SBD/May 31, 2012/Events and Attractions

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  • Game On: Players Agree To Play Harder In Pro Bowl, Game Returns To Hawaii For '13

    Players recognize the level of play at the Pro Bowl has been lacking

    After an apparent pledge from the players “to make the Pro Bowl more competitive, the NFL said it is returning game to Hawaii for 2013,” according to Ferd Lewis of the HONOLULU STAR-ADVERTISER. The game will be played Jan. 27 at Aloha Stadium, "one week before the New Orleans Super Bowl, and shown on NBC.” The future of the annual all-star game “had been in doubt after a lackluster effort by the players” in the ‘12 game. In addition, comments by Hawaii Gov. Neil Abercrombie questioning the worth of the event in the state "had overshadowed the 2012 game.” The Pro Bowl has been held at Aloha Stadium “every year except 2010 since 1980 and the 2012 game was the final one under the Hawaii Tourism Authority's deal with the NFL.” Lewis notes New Orleans “had also been under consideration as a site for the game if it was to be held in 2013.” NFL Exec VP/Football Operations Ray Anderson in a release said, “The players have made it clear through the NFL Players Association that they would like the opportunity to continue to play the Pro Bowl in Hawaii.” He added, “We have had many discussions with the players in recent years about the Pro Bowl and they recognize that the quality of the game has not been up to NFL standards. We look forward to working with the players toward the goal of improving the competitiveness of this season's game" (STARADVERTISER.com, 5/30). NFL.com’s Gregg Rosenthal wrote there were “serious discussions about canceling the game after the quality of play deteriorated in recent years.” But it “sounds like the players wanted to keep the game afloat” and the TV networks likely agreed as the game “gets great ratings” (NFL.com, 5/30). USA TODAY’s Nate Davis writes players “enjoy the paid vacation to Hawaii … but seem much less enthused about playing it outside tropical confines.” The league “tried to drum up interest in the Pro Bowl by holding it in South Florida” before Super Bowl XLIV in ’10. However, the players “made it clear they could basically go to Florida any time they wanted” (USA TODAY, 5/31).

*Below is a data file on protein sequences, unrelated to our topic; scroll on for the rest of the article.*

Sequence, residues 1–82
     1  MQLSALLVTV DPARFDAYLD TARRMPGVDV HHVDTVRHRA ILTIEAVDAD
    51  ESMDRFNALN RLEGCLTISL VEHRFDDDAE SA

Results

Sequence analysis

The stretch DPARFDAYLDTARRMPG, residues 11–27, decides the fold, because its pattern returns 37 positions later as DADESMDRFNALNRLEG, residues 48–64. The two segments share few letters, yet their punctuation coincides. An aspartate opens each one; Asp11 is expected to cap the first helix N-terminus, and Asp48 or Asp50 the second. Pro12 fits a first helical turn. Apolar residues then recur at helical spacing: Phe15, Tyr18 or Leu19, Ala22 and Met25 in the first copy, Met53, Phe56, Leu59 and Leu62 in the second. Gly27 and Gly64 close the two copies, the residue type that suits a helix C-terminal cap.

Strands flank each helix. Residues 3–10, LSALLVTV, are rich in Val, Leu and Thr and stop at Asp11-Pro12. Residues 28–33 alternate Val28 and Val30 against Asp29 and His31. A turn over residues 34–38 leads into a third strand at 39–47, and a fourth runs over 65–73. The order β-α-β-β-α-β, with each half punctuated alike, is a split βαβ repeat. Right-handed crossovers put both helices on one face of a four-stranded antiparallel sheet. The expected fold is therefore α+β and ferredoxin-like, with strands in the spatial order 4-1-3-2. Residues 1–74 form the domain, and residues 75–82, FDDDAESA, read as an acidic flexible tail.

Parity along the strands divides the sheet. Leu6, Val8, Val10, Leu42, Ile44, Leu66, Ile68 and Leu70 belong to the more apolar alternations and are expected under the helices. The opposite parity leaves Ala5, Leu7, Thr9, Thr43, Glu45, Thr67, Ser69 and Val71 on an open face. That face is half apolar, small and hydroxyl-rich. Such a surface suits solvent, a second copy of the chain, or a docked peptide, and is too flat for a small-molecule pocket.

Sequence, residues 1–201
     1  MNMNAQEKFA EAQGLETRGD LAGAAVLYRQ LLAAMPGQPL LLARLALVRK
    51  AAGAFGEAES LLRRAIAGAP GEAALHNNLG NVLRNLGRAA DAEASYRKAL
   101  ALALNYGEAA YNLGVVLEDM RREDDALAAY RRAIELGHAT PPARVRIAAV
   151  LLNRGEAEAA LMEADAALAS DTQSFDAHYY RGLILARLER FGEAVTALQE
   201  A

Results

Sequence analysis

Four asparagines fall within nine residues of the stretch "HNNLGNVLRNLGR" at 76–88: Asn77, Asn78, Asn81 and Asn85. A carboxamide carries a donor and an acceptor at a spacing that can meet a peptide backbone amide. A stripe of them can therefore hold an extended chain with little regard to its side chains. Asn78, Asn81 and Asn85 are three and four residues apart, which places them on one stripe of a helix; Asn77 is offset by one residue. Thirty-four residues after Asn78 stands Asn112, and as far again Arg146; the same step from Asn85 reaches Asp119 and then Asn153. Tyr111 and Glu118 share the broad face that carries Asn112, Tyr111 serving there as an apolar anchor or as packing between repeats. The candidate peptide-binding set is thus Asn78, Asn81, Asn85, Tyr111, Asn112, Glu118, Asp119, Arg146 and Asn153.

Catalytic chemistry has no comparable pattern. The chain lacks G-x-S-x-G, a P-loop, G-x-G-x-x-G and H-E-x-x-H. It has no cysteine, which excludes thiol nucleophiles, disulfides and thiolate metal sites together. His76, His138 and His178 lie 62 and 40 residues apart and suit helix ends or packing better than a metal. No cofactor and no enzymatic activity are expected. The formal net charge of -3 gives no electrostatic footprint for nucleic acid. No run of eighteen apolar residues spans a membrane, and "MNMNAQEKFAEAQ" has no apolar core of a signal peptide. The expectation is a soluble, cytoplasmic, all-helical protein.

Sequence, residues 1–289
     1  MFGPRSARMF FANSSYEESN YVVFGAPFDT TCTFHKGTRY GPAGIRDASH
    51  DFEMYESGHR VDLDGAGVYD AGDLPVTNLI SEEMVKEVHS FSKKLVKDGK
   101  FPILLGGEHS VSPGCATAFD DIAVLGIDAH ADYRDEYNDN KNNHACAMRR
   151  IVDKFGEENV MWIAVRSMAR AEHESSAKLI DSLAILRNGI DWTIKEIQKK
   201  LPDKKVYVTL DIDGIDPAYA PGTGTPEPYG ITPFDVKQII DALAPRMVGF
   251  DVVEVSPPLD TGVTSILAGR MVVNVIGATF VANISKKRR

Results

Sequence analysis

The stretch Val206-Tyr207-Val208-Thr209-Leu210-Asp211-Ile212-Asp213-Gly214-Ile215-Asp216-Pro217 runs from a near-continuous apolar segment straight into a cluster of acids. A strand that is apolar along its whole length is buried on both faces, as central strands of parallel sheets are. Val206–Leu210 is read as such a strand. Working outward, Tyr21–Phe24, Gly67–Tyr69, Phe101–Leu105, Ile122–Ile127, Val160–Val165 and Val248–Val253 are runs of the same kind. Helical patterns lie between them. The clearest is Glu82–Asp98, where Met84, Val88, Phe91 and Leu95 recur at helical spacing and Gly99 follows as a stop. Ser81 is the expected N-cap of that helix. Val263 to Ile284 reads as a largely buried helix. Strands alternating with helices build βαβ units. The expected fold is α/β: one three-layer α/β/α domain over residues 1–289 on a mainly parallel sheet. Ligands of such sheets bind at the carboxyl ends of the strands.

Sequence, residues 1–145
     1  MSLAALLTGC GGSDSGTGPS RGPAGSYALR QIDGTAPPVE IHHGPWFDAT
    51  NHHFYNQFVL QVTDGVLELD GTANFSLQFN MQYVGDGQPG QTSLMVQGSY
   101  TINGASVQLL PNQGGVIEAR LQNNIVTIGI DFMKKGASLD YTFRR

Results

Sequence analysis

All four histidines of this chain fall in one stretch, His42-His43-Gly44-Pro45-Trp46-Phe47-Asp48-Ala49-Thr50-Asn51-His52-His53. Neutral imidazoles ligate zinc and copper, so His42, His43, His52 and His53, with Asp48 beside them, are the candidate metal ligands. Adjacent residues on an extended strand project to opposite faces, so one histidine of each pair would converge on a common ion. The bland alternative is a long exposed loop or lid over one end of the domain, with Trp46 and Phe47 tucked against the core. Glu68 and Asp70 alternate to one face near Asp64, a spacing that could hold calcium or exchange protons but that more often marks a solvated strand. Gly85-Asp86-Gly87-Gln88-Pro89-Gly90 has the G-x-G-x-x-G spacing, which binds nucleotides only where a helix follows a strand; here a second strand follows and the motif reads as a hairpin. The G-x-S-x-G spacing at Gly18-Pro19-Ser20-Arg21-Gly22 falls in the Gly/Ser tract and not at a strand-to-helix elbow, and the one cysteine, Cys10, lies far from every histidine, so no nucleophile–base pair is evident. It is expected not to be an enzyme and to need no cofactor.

RATINGS ARE RATINGS: ESPN's Adam Schefter noted the Pro Bowl is still the "highest-rated All-Star game of any of the All-Star games played in any sport." Schefter: "It attracted huge numbers and (NFL Exec VP/Media) Steve Bornstein, combined with the players, did not want to kill off a game as popular as it is. We can criticize the Pro Bowl all we want, we can say what a joke it’s become -- and it has -- but the bottom line is people like to tune in in late January on a Sunday night and watch this game. The ratings have supported it” ("NFL Live," ESPN, 5/30).

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  • Execs Discuss Marketing Strategies At The '12 Intersport Activation Summit

    Marketing and sponsorship goals are the same as they’ve always been, but the tools used to meet those goals have changed dramatically, said panelists in the opening session of the 2012 Intersport Activation Summit. “The operative word is ‘More’,” said MillerCoors VP/Marketing Services Jackie Woodward. “You have to be integrated across the marketing mix in order to break through. There used to be sponsorship marketing, there used to be digital marketing; it’s all marketing. And you have to put it all together in order to make an impact and in order to bring your brand to life.” While multiple channels and outlets bring various opportunities to relay a brand’s message, they also bring measurement challenges, in addition to the sheer effort, resources and manpower needed to execute a campaign, said Tony Weisman, president of Digitas’ Chicago-Boston-Detroit region. “In the digital world you can measure everything, but what should you measure?” he said. “There’s no commonly agreed upon language or set of metrics that we all know lead us to an outcome. That’s the biggest change over the previous decades, where in the television world, there was a relatively agreed upon set of investment, pressure [and] impressions for the business outcomes.”